The Washington Post: “Ivanka Trump sent hundreds of emails last year to White House aides, Cabinet officials and her assistants using a personal account, many of them in violation of federal records rules, according to people familiar with a White House examination of her correspondence. White House ethics officials learned of Trump’s repeated use of personal email when reviewing emails gathered last fall by five Cabinet agencies to respond to a public records lawsuit. That review revealed that throughout much of 2017, she often discussed or relayed official White House business using a private email account with a domain that she shares with her husband, Jared Kushner.”
Peter Mirijanian, spokesperson for Abbe Lowell, ethics counsel for Ivanka Trump, gave this statement to NBC’s Ken Dilanian: “To address misinformation being peddled about Ms. Trump’s personal email, she did not create a private server in her house or office, there was never classified information transmitted, the account was never transferred or housed at Trump Organization, no emails were ever deleted, and the emails have been retained in the official account in conformity with records preservation laws and rules.”
But that doesn’t mean that Ivanka Trump followed the law. “Using personal emails for government business could violate the Presidential Records Act, which requires that all official White House communications and records be preserved as a permanent archive of each administration,” the Post writes.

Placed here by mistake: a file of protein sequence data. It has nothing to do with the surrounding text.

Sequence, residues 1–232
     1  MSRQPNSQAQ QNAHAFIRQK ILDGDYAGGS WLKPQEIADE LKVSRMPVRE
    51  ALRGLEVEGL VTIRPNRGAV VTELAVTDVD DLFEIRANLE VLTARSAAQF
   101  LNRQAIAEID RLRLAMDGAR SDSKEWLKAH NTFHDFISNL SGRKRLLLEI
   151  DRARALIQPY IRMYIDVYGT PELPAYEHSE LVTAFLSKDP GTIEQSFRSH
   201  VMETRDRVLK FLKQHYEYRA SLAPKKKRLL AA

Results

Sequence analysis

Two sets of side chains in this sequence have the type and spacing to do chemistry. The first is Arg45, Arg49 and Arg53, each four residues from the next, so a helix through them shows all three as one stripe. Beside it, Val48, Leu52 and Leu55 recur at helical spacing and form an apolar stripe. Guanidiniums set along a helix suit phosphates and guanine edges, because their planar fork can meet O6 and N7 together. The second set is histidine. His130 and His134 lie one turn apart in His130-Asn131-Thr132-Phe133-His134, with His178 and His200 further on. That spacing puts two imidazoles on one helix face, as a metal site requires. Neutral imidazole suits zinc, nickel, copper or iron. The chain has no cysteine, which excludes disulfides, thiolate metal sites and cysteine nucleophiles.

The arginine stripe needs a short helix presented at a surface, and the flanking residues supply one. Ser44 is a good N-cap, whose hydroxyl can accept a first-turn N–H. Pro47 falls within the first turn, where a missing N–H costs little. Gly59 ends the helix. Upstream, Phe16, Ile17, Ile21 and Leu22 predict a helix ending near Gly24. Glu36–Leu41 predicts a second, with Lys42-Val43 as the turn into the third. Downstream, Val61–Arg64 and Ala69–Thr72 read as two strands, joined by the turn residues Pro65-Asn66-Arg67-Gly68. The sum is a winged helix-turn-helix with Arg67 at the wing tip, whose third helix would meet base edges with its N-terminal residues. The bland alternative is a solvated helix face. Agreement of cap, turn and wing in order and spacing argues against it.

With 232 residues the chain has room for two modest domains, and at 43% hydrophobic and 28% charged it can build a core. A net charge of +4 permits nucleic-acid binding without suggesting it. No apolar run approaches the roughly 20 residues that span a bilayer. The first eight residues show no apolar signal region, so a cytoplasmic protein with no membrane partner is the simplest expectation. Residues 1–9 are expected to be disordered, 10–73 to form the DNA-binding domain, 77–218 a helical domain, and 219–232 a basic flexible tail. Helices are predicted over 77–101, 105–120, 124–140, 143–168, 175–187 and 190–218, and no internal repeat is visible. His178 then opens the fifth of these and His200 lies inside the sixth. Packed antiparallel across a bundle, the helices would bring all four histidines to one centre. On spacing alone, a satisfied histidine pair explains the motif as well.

And with Democrats controlling the House next year, this is exactly the kind of story that could produce more problematic headlines for the Trump White House.
Trump admin can't deny asylum to migrants who enter U.S. illegally, judge rules
“A federal judge barred the Trump administration on Monday from refusing asylum to immigrants who cross the southern border illegally,” the AP says. “U.S. District Judge Jon S. Tigar issued a temporary restraining order after hearing arguments in San Francisco. The request was made by the American Civil Liberties Union and the Center for Constitutional Rights, which quickly sued after President Donald Trump issued the ban this month in response to the caravans of migrants that have started to arrive at the U.S.-Mexico border.”
“Trump issued a proclamation on Nov. 9 that said anyone who crossed the southern border would be ineligible for asylum.”
16 Democrats sign letter opposing Pelosi as speaker